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Houston Breakthrough, February 1979
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Houston Breakthrough, February 1979 - Page 8. February 1979. Special Collections, University of Houston Libraries. University of Houston Digital Library. Web. December 10, 2019. https://digital.lib.uh.edu/collection/feminist/item/6029/show/6005.

Disclaimer: This is a general citation for reference purposes. Please consult the most recent edition of your style manual for the proper formatting of the type of source you are citing. If the date given in the citation does not match the date on the digital item, use the more accurate date below the digital item.

(February 1979). Houston Breakthrough, February 1979 - Page 8. Houston and Texas Feminist and Lesbian Newsletters. Special Collections, University of Houston Libraries. Retrieved from https://digital.lib.uh.edu/collection/feminist/item/6029/show/6005

Disclaimer: This is a general citation for reference purposes. Please consult the most recent edition of your style manual for the proper formatting of the type of source you are citing. If the date given in the citation does not match the date on the digital item, use the more accurate date below the digital item.

Houston Breakthrough, February 1979 - Page 8, February 1979, Houston and Texas Feminist and Lesbian Newsletters, Special Collections, University of Houston Libraries, accessed December 10, 2019, https://digital.lib.uh.edu/collection/feminist/item/6029/show/6005.

Disclaimer: This is a general citation for reference purposes. Please consult the most recent edition of your style manual for the proper formatting of the type of source you are citing. If the date given in the citation does not match the date on the digital item, use the more accurate date below the digital item.

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Title Houston Breakthrough, February 1979
Publisher Breakthrough Publishing Co.
Date February 1979
Subject.Topical (LCSH)
  • Women
  • Periodicals
  • Feminism--United States--Periodicals
  • Newsletters
Subject.Geographic (TGN)
  • Houston, Texas
Genre (AAT)
  • periodicals
Language English
Type (DCMI)
  • Text
  • Image
Original Item Location HQ1101 .B74
Original Item URL http://library.uh.edu/record=b2332724~S11
Digital Collection Houston and Texas Feminist and Lesbian Newsletters
Digital Collection URL http://digital.lib.uh.edu/collection/feminist
Repository Special Collections, University of Houston Libraries
Repository URL http://info.lib.uh.edu/about/campus-libraries-collections/special-collections
Use and Reproduction Educational use only, no other permissions given. Copyright to this resource is held by the content creator, author, artist or other entity, and is provided here for educational purposes only. It may not be reproduced or distributed in any format without written permission of the copyright owner. For more information please see UH Digital Library Fair Use policy on the UH Digital Library About page.
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Title Page 8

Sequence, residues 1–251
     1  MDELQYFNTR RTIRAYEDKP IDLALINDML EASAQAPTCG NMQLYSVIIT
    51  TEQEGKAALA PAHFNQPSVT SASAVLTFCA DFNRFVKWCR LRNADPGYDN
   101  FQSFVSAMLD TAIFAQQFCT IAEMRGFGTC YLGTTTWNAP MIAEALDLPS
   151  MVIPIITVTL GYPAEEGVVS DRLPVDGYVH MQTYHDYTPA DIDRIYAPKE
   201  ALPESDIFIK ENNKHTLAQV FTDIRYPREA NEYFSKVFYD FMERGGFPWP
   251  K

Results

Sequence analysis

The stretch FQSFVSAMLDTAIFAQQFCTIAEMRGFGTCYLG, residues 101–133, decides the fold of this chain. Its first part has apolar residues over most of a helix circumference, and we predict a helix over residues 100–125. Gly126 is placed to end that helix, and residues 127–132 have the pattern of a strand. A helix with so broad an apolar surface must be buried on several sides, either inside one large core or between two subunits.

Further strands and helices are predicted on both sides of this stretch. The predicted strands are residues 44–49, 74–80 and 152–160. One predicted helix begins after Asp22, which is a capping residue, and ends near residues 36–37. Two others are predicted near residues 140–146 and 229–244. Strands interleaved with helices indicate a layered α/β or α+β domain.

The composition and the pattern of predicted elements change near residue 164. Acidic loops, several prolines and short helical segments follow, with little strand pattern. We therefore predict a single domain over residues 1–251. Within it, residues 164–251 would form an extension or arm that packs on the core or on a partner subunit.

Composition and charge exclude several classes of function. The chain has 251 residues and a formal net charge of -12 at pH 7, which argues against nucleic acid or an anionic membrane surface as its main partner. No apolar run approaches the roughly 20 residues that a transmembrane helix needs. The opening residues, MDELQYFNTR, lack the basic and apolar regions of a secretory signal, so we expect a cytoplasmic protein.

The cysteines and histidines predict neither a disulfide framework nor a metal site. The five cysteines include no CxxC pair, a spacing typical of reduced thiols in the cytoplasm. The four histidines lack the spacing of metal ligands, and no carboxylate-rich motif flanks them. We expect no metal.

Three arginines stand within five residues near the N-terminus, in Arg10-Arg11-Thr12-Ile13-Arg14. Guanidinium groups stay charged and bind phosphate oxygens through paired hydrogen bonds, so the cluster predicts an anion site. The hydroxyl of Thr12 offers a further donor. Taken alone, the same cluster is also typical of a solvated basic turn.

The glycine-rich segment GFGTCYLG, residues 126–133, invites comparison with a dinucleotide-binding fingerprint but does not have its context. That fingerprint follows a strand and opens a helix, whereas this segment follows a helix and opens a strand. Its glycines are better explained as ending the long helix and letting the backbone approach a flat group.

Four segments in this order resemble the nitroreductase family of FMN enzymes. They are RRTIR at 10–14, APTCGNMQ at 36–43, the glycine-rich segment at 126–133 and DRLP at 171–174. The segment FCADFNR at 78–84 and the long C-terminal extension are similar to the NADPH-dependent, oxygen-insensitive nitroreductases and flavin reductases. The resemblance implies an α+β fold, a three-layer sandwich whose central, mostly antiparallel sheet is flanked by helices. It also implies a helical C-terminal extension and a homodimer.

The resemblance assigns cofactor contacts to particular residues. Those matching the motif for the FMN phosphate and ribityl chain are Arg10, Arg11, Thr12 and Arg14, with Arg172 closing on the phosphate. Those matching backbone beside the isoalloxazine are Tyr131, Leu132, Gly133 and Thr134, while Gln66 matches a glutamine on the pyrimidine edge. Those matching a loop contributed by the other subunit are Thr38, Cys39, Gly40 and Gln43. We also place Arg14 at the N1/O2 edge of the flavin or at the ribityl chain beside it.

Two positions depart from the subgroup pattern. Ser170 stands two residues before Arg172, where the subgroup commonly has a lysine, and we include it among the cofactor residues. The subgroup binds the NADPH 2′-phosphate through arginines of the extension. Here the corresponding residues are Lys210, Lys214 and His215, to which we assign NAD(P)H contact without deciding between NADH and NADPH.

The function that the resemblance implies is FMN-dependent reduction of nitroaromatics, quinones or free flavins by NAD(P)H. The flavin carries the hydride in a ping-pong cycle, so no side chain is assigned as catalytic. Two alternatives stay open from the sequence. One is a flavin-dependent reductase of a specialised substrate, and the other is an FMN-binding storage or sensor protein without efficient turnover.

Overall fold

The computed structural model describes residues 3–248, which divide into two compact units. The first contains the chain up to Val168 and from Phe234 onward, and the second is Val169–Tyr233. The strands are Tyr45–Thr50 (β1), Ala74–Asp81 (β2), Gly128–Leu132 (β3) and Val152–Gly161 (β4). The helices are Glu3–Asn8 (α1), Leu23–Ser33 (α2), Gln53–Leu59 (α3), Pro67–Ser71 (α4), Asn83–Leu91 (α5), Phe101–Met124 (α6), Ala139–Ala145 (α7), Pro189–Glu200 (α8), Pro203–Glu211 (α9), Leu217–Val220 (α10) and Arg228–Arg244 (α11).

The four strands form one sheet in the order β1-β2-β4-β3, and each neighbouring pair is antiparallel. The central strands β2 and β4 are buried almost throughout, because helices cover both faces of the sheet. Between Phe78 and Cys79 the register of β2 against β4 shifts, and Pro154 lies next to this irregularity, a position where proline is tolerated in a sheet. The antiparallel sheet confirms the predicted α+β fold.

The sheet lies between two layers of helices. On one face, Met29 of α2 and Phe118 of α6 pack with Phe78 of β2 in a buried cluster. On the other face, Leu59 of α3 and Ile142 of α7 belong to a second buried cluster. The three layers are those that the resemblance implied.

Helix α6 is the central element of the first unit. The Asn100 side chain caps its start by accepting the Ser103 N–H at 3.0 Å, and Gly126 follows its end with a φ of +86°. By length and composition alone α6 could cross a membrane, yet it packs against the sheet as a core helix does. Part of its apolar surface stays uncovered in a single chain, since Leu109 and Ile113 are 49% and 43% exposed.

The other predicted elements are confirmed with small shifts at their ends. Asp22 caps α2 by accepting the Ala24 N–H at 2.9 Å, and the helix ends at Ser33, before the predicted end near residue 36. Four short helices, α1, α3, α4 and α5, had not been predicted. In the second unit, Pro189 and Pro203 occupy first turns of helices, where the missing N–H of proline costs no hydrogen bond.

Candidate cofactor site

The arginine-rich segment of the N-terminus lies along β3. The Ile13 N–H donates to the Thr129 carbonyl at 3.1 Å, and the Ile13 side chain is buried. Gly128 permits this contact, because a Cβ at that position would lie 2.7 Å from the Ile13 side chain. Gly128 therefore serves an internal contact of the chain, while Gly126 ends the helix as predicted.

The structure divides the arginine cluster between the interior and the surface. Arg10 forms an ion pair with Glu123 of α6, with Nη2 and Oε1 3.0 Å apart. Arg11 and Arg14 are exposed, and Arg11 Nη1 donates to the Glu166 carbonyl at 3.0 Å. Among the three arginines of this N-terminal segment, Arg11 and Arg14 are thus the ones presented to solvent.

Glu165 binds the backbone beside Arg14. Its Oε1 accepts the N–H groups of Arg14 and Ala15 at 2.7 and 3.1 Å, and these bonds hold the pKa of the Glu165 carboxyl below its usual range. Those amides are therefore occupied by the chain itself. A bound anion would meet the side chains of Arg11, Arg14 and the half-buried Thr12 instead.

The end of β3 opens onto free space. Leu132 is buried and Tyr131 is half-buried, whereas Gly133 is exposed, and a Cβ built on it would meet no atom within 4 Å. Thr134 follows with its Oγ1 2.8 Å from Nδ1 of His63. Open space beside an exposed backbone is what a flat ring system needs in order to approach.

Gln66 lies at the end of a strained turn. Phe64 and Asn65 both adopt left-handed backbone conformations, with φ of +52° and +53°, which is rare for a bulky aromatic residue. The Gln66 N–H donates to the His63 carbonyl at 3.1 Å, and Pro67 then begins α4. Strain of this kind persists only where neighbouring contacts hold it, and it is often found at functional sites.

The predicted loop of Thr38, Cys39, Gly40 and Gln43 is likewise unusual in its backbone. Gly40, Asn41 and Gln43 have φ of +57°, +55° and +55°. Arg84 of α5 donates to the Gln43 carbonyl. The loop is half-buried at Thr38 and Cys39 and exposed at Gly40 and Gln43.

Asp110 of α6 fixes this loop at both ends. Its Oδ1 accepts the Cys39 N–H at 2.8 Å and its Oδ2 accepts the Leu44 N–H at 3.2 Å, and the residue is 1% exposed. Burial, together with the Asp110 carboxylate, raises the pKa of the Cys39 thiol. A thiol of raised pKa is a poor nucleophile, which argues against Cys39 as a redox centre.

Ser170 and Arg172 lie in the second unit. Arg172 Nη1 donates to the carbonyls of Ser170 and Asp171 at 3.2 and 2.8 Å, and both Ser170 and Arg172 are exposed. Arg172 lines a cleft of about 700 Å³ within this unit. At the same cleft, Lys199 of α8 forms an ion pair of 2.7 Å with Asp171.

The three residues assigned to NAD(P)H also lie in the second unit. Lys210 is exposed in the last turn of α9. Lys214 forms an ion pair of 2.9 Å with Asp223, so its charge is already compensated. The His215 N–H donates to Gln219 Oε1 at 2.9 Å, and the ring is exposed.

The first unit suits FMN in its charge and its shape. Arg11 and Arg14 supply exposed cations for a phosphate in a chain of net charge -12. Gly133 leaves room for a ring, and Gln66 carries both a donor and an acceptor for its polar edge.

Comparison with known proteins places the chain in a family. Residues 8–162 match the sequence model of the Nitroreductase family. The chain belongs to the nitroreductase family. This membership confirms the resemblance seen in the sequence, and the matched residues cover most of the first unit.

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Transcript by Barbara Farrar Karkabi and Shirley Kowitz By March 10, the state of Texas may join 17 other states whose legislatures have asked that the Constitution ban abortions. Texas women may be the next to lose the right to choose if even one of four bills now being considered by the state legislature in Austin becomes law. These and other facts were presented to a group of 120 women who gathered at an all-day Pro-Choice Anniversary Workshop held recently at the University of Houston and sponsored by 11 local organizations. The seminar which included several lectures and a series of afternoon workshops met to reaffirm a woman's right to choose and to plan and discuss the most effective methods of combating the anti-choice movement. "The main thing I want to stress is that if you believe in the 'right to choose' then you are going to have to go out and protect it. We thought in our naivete that we had won the battle back in 1973, but really it had only just begun," Patricia Beyea, director of the National A merican Civil Liberties Union Campaign for Choice, told the group. Beyea has been traveling around the U.S., "going to the grass-roots" to make people realize that the right to choose must be defended. "Polls state that 80 per cent of the population believes in individual freedom. I admit that on the surface it doesn't look like that. But, it really is a vocal minority," she said. Before coming to Houston, Beyea went with an NBC crew to Amarillo, "to prove to them that the support was there." The meeting was held at a local church and nearly 400 people turned out, she says. "When individuals were asked if they were pro-choice," she recalls, "they replied that they were, but when the NBC crew asked them if they would say so on national television, they all refused. The truth is they were scared. The whole fight against the right to have an abortion is part of a very politically conservative atmosphere that is growing stronger every day," she said. It is not just an abortion issue, Beyea added. Family planning is being cut back as well as sex education. "These people are so concerned about unwanted fetuses. They should look into homes at all the unwanted children that exist," she said. Tracing the history of the erosion of abortion rights in the U.S., since the 1973 Supreme Court decision that made abortion legal, Beyea said that many groups including ACLU "fell into the trap" of not taking the opposition seriously. "We were really concentrating our efforts more on the ERA," she said. "But in 1977, our naivete came home to roost when the Supreme Court came out with two rulings:" ■ States cannot be required to pay for elective abortions. • Public hospitals are not required to perform non-theraputic abortion^. There was a tremendous public outcry against the rulings Beyea said, but Carter's response produced the biggest reaction. "He said probably one of the most cruel things I have ever heard, "It's too bad if the poor have to suffer, but life is unfair." There are three important issues to remember in the fight against a woman's right to choose, Beyea told the group. These are the Hyde Amendment, the Akron Ordinance and the move for a constitutional convention. "The passing of the Hyde Amendment made it virtually impossible for a woman to get an abortion on Medicaid," she said. The only exceptions to that rule made it virtually impossible for a woman to get an abortion on Medicaid," she said. The only exceptions to that rule are danger to the mother's life and health if the fetus is carried to full term and victims of rape or incest. "But," Beyea pointed out, "they are so strict about the proof that it discourages doctors and women from applying. The fact is that in Texas, before the Hyde Amendment was passed, there were 250 Medicaid abortions a month; now there are two. That's a drop of about 98 percent." The second issue, which Beyea says may be "the bane of my existence," is the Akron ordinance. Drawn up a year ago by the Citizens for Informed Consent, Beyea says that it can now be found "practically everywhere." The bill says that a doctor must counsel women requesting at )rtion that the fetus is a human being from the moment of conception. Further, he must show her a picture of a fetus and tell her that it experiences feeling. He must also counsel her of the psychological effects of abortion. Then there is a 24-hour waiting period and the woman must return with written consent from either parents or spouse. The ordinance also prohibits abortion facilities from being used in public hospitals or clinics. Perhaps the most frightening of all, Beyea says, are the resolutions calling for a constitutional convention. So far these resolutions have passed in 13 pro-life states, Beyea says, and if the resolution passes in 34 states the Congress is obliged to call a convention. "Beyond that," she said, "nobody knows what would happen because there is no precedent. The first and last Constitutional convention was in 1787, but it could really open a can of worms. We don't know if they would only address abortion, or if they could change other amendments. "I am convinced both publicly and privately that we are going to win the fight. We are going to have to work and work very hard in the next few months," she said. Exactly how much and how hard the work ahead is going to be, especially in the state of Texas, was discussed by the Rev. William B. Oliver III, lobbyist in Austin for the Texas Abortion Rights Action League (TARAL). The best way to lobby Texas legislators on abortions Oliver advised, is to write "an unending stream of letters" and become very familiar with local legislators and their staffs. The best strategy, Oliver said, is to tell your representative or senator that you would prefer that he never have to vote on the bill, and suggest that he block it in committee. "It only takes 11 senators to block any matter from reaching the floor. We must make sure that we line up 11 Senators to support our position and we don't have much time," he said. Oliver expressed the same tnougnts ai a workshop he conducted later in the afternoon, with Billie Carr, Democratic National Committeeperson and Debra Danburg, administrative aide to Ron Waters, state representative, District 79. Carr and Danburg both stressed the importance of "impacting the legislature" with letters, "not petitions, not form letters, they go in the garbage but original letters. If they receive 50 original letters in one day, they will get excited and pay some attention," Carr said. Personal lobbying should not be forgotten, Carr said. Any Tuesday, Wednesday or Thursday, it is possible to go up to Austin and speak in front of a committee or visit with legislators and their staff, she added. "This system is open to all of you," she told the workshop. "You have a special unique clout of your own. Speak like the Pope and believe in what you say and they will listen to you." One afternoon workshop on the courts and abortion litigation led by attorneys JoAnn Doughtie, JoAnn Gerhardt, and Laura Holliday, produced a concensus of opinion among the participants that members of the legal profession should take the offensive in effecting legal changes in anti-abortion laws. "We have developed a defensive posture rather than an offensive posture in fighting anti-abortion laws," Doughtie said. "I think that if the courts say we must produce unwanted children, then the government should assume the burden of providing for these women and children by economic compensation for loss of earnings." Some 5,000-8,000 children are killed every year through child abuse, Doughtie said. The rights of children are not advocated by society. "It is a social problem before it is a legal one," Holliday said. "The problem comes to us as a legal problem in the form of drug abuse or shoplifting," Holliday said. Women are denied employment because of pregnancy and do not receive disability benefits for pregnancy, she elaborated. Men dominate the legislature and the courts, she added. "It frightens me that laws are created by men dictating to women what to do with their bodies," Holliday said. She also took the position that if government forces you to have a child, then that same government should supply economic support for the unwanted child. Gerhardt pointed out that the level of frustration experienced by a woman on welfare with five children is not understood by legislatures or men. "Until we get a change in social attitudes, the legal aspects on a case by case issue are not going to be effective," Gerhardt said. The battle dates back to English common law which held that a woman could not abort after "quickening" (16-18 weeks). There was a problem of viability even then, according to Gerhardt. The first abortion law in the United States was passed in 1821. Most states now have an abortion law that prohibits abortion unless it is necessary to save the life of the mother, according to Gerhardt. In 1970, there were 70 cases at all levels in the courts challenging these laws, but the Hyde amendment prohibiting Medicaid usage for abortions effectively overruled the cases, according to Doughtie. "We all know that a woman with economic resources can get an abortion even if she has to leave the country to do so. People who do not have economic resources can not," Doughtie concluded in her arguments for needed government support of abortion as a woman's rightful choice. "The picture is not bright as far as communication with the media is concerned," Nikki Van Hightower, former Women's Advocate in the city of Houston, told a group of 30 women and men assembled for a workshop in media and education. "The media is oriented towards the bizarre and unusual. It is male dominated and sexist in attitude. And the goal of the media is not education but to sell products," she continued. The three leaders of the Media and Education workshop, Hightower, Patricia Beyea, director, National ACLU Campaign for Choice, and Dr. Nanette J. Bruckner, associate professor, University of Houston, CLC, all felt that reaching the media with the message of a women's right to choose would not be an easy job. Hightower emphasized that she had been on both sides of the media, first as a newsmaker and now as a commentator on a local radio station. "There is a lack of sensitivity in the media," she said. "Look at the ghoulish attitude the media took about Barbara Jordan. All the newpeople tried to scoop the story that she might not live." Hightower explained that most media lives and dies by its ratings and it competes for attention by emphasizing the bizarre. The Pro-human life group has an advantage by using a word like murder in their campaign, she said. "We're offering reason, logic, and sen- sitivity-not the sort of thing the media likes," Hightower said. The tactics ultimately agreed upon by the participating members of the workshop included several suggestions. First, use some of the tactics of the anti- abortionists and talk about the bizarre, such as the horrors inflicted upon an unwanted, abused child. Second, get to know people in the media and educate them on the issue of pro-choice. Third, praise the media when warranted and offer constructive criticism when necessary. Fourth, give the media information that can be used for human interest features, such as a real 15-year-old girl raising a child. Houston Breakthrough February, 1979